As is my habit, if I have any downtime (in this case, waiting for BBC Radio Berkshire to get their act together…) I’m usually found with some knitting in my hands. On this occasion, it was a rather fetching dark/pale green striped sock.

Unbeknowst to me, this led to the following tweet from Radio 4’s Nick Sutton (editor of World At one, among other things): “Just popped in to the @r4today green room to find a bishop and a lady knitting a sock.”

Having established that I was the knitter, rather than being the bishop, the Radio 4-following Twitterati then demanded pictures of the sock, updates on the sock’s progress, hand-knitted socks of their own, and even the replacement of Thought For The Day with Sock For The Day.

Sadly even at my prolific speed, I can’t knit a new sock every day. However, the stripey socks are finished, along with a lovely mint-humbug-coloured pair for Ricky (which ended up being knitted twice – long story, can’t be bothered to explain but it involves blind optimism and bad maths).

Socks socks socks

More socks - not quite one per day though

At the top of the pic, you can see the embryonic form of the next pair. These are going to be Bimbling Socks – although checking against the pattern, I see I’ve already made them too wide. Damn.

Crafty Christmas

Just a quick roundup of some of the crafty gifts I gave this year at a lovely dinner party hosted by our friends Paul and Megumi.  So much absolutely amazing home-cooked Japanese food (and plum wine) that we practically rolled onto the bus home.

Socks for Amy:

Socks for Amy

Socks for Naomi. These were knitted right down to the wire – I was literally out the door to catch the bus the second I had weaved in the ends:

Socks for Naomi(possibly not the socks’ – or Naomi’s – most flattering angle. Really need  blocking too. Naomi, not the socks.)

A cute crochet hat for Megumi:

Megumi and Naomi

Marzipan moons (marzipan discs dipped in melted Maya Gold chocolate):

marzipan moons

Apologies for the slightly fuzzy pics. I blame the surfeit of Japanese plum wine and hot sake…

EXTERMIKNIT! The awesome knitted Dalek

This is probably the coolest thing I have ever made in my entire life:

Knitted Dalek

EXTERMIKNIT!! EXTERMIKNIT!!!

I knitted the cuddly evil overlord for a friend’s child – who is apparently a Dr Who obssessive – from this awesome pattern by Penwiper. Turns out there are plenty of Dr Who fans on Twitter as well (who’d have thought it?!) and my Twitpic of it got a huge response.  If only I’d known that the way to generate a huge following was not to witter on about music and cakes, but to post about Wanky Balls and knitted Daleks…

Anyway, this was a fun but tricky knit, with a whole bunch of techniques thrown in – provisional cast-on, corrugated (2-colour) rib, bobbles, i-cord, grafting, knitting a plunger and so on.  It took 2 balls of King Cole Merino (one blue, one black), 4mm needles (16 inch circular and dpns) for the body and 2.75mm dpns for the appendages. Be warned – there was barely any of the blue yarn left by the end, and luckily I think I accidentally missed one of the long blue rows at the beginning, otherwise I might have run out.

The finished Dalek is impressively large, standing at around 9 or 10 inches high, and he looks even more awesome in real life than in the pics.

Happy Christmas, Lucas – hope this brings you much joy 🙂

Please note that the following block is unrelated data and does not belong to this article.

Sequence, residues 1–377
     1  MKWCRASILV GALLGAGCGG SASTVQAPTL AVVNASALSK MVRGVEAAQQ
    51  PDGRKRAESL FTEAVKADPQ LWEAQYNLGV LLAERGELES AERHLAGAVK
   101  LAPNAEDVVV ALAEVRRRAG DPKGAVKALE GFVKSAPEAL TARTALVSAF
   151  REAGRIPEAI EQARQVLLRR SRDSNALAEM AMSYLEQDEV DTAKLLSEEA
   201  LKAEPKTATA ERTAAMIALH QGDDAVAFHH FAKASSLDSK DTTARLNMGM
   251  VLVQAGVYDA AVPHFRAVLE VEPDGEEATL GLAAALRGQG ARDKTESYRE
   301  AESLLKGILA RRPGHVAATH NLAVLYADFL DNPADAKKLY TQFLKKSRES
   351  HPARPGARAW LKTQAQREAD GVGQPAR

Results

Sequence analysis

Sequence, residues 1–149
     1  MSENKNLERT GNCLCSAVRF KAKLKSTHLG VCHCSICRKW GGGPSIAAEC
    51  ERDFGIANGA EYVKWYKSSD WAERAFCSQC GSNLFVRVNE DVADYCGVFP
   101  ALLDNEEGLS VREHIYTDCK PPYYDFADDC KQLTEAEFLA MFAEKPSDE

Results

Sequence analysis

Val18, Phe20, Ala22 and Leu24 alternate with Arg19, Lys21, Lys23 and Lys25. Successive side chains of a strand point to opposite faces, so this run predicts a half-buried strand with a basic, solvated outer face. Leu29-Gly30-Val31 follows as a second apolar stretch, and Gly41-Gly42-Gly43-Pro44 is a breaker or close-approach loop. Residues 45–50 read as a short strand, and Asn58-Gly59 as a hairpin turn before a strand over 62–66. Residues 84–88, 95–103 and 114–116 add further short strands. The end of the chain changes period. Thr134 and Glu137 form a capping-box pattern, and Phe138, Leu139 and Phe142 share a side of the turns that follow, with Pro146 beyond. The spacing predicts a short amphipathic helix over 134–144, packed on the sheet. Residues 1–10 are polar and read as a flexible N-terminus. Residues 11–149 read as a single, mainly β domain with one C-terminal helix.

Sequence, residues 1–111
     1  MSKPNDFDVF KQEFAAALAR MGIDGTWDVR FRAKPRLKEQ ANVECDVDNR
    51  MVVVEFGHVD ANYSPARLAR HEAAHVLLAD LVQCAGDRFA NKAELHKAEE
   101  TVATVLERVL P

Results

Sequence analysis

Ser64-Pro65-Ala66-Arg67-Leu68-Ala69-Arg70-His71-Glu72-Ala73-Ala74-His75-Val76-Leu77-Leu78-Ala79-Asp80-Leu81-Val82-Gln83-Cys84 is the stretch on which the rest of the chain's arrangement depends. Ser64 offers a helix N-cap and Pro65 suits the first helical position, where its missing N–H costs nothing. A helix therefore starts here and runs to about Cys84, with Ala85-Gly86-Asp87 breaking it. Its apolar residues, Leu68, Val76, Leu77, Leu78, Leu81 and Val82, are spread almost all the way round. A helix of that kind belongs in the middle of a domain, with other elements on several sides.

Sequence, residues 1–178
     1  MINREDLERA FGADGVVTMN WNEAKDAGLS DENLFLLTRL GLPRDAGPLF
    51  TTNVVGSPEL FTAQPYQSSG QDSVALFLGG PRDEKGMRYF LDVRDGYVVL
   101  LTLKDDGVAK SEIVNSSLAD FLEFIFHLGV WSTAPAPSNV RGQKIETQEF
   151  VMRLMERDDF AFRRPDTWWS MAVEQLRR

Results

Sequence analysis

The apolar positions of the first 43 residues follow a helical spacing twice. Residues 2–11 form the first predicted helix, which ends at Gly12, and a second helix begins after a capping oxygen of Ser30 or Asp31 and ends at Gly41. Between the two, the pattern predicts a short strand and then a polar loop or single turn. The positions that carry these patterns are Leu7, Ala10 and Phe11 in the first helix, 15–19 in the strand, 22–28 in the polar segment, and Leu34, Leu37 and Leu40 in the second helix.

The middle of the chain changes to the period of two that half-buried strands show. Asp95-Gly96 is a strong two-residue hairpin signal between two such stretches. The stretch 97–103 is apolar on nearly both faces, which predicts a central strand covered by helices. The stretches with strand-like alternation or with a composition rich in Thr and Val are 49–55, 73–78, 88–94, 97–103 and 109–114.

Knitted Dalek 2

I love the expression on his furry, evil face

PS: No, I’m not selling them. No, I won’t knit you one. Knit your own, or bribe another knitter to do it.

Fakeisle socks

I can’t quite believe how long its taken me to finish this pair of socks. I started them way back in the early summer, but stopped knitting for a while when I started having problems with my hands. But according to my specialist, knitting is apparently OK! Still took me several months to get them done though…

Mum's Fakeisle socks

The pattern is loosely taken from Wendy Johnson’s new book, Toe Up Socks for Every Body. I personally don’t much like toe-up socks, so I adapted the pattern to my usual toe-down method. I wish I’d done a different heel though, as the standard heel flap/gusset technique I usually use looks a bit flabby. And nobody wants a flabby gusset now, do they?

I also whipped up a  pair of plain ol’ vanilla socks. I’m quite pleased with the way I managed to match up the self-striping yarn in both socks.

Mum's socks

Both pairs were destined to be my mum’s new welly socks  – she’s modelling them in the pics above.

My parents recently suffered a house fire, and in the ensuing damage, chaos and cleanup, the last pair of welly socks I made her went missing. The whole family is still coming to terms with what happened. New socks aren’t much, but I guess they’re a start.

A hat for Duck

More knitting – this time in the form of a hat for my housemate Duck. There’s a back story here, because Duck’s mum bought him a nice warm knitted hat for the winter. It was a bit baggy, so Duck (for some inexplicable reason) decided to iron it. It didn’t help, and the hat ended up impossibly big and unwearable.

So I agreed to make a copy. Ta da!

Duck hat

Cosy!

He’s under strict instructions not to iron it 🙂

Here’s a rough approximation of the pattern:

A hat for Duck

Requirements:

  • King Cole merino DK – 1 ball each in black, clerical and aran.
  • 16 nch 4mm circular needle
  • 1 set 4mm dpns

Pattern:

  • Cast on 120 stitches in aran.
  • K2p1 rib for approximately 11.5cm (roughly 36 rows).
  • Reverse direction (ie so it looks like it’s p2k1 on the outside), switch to clerical and knit around for roughly 9cm (approx 26 rows).
  • Switch to black. Knit around for roughly 8.5cm (approx 24 rows)
  • K2tog all the way round (60sts remain)
  • Knit 10 rounds.